The Jefferson County Board of Education held three “special” sessions after SB 150 passed, but held no special or emergency sessions to address the school system’s bus driver shortage or complaints from the drivers union.
One Teamsters official told The Daily Signal that the union knows of over 50 bus drivers that have quit since Wednesday. The union official cited rumors that over 80 drivers have quit and that the school system is considering remaining closed until September or early October.
Jefferson County Public Schools has not responded to a request for comment by The Daily Signal.
Concerning the school choice push, Nemes told The Daily Signal: “Our goal is to bring that option to all of our citizens, not just the ones who can afford it. It won’t just be good for them, but also for public schools.”
The lawmaker added:
We all pay taxes whether we have kids or not. I have two kids in JCPS and my wife is a public school teacher. I’m pro-public education. However, if a parent thinks their kid should be educated in a different environment, then the tax dollars should follow that kid.
After [school choice] passes, a school could not exist unless parents decide to send their kids there. A lot of public school advocates worry about how it’s going to take all this money away, but remember: A private or charter school can’t exist unless a parent of students sends their kids there. This is a local control issue.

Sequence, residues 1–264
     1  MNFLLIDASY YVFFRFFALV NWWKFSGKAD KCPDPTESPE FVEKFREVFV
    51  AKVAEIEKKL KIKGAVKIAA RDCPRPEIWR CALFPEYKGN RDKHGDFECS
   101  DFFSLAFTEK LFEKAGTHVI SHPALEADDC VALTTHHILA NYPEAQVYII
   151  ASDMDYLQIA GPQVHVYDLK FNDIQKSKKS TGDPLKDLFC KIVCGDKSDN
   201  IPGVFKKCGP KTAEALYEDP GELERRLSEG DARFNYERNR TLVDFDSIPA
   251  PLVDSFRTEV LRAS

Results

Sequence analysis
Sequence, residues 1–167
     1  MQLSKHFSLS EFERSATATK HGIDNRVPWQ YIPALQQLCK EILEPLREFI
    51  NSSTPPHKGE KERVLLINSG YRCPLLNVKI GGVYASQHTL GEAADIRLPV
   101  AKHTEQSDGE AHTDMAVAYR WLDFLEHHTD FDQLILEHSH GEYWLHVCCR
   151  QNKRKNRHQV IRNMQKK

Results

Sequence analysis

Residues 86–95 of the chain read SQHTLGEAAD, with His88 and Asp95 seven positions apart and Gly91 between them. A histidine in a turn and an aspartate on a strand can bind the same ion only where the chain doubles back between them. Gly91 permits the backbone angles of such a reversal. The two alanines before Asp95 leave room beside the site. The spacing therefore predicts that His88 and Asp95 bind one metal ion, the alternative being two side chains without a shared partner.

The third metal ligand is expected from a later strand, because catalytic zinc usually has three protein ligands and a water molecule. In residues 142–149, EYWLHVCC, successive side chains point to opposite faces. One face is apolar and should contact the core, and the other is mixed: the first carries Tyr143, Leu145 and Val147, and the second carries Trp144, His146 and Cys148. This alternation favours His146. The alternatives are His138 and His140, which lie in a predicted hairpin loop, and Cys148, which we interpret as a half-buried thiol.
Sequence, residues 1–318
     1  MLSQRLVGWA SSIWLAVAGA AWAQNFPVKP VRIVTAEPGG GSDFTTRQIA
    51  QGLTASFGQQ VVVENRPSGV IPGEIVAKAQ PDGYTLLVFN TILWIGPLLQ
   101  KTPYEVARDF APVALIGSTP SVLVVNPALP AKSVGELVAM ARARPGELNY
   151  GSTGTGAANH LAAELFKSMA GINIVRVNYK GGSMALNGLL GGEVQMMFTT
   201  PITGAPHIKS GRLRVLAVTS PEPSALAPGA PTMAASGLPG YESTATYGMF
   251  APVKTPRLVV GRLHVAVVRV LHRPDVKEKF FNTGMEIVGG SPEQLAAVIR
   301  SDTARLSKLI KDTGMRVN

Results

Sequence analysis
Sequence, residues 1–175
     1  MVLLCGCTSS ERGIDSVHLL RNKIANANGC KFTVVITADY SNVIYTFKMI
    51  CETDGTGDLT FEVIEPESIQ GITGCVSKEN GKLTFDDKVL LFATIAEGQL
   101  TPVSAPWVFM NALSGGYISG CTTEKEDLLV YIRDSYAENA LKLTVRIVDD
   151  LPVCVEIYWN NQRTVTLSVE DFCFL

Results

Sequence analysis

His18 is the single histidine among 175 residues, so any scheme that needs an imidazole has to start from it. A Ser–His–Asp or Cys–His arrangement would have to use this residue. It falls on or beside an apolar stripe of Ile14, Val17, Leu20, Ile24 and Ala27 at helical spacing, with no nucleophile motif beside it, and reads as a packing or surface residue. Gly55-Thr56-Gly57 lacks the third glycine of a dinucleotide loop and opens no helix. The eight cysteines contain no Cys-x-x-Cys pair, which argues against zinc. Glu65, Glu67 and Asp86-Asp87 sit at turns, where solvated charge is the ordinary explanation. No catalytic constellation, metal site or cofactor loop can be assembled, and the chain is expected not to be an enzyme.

Nemes said the response to the 12 state lawmakers’ open letter has been largely positive and bipartisan.
“Teachers who have always been against me, who have knocked on doors for my opponent, are telling me to ‘keep going, Jason,’” he told The Daily Signal.
Corey DeAngelis, senior fellow at the American Federation for Children, told The Daily Signal in a written statement that although many desire legislative and constitutional change, Kentucky Gov. Andy Beshear, a Democrat, ultimately will oppose such change.
The government school system has abandoned Kentucky students. It was bad enough when the monopoly failed kids academically, but now the system’s showing it can’t even do the bare minimum of maintaining basic operations. The failure factories in the Jefferson County school district spend over $16,000 per student per year. It’s time to give that money directly to families so they can find alternatives that meet the needs of their children.
It’s time for Kentucky to pass universal school choice, and fund students instead of systems. Republican legislators are now pushing for a constitutional amendment to advance school choice in the state, and the proposal is backed by the [House] speaker. That is fantastic news for families and those who support parental rights in education.
Gov. Andy Beshear will oppose empowering parents, of course, because he’s owned by leftist teachers unions. He is a total hypocrite, as he went to a private school and sent his kids to a private school, yet fights against education freedom for others.
This is a developing story and may be updated.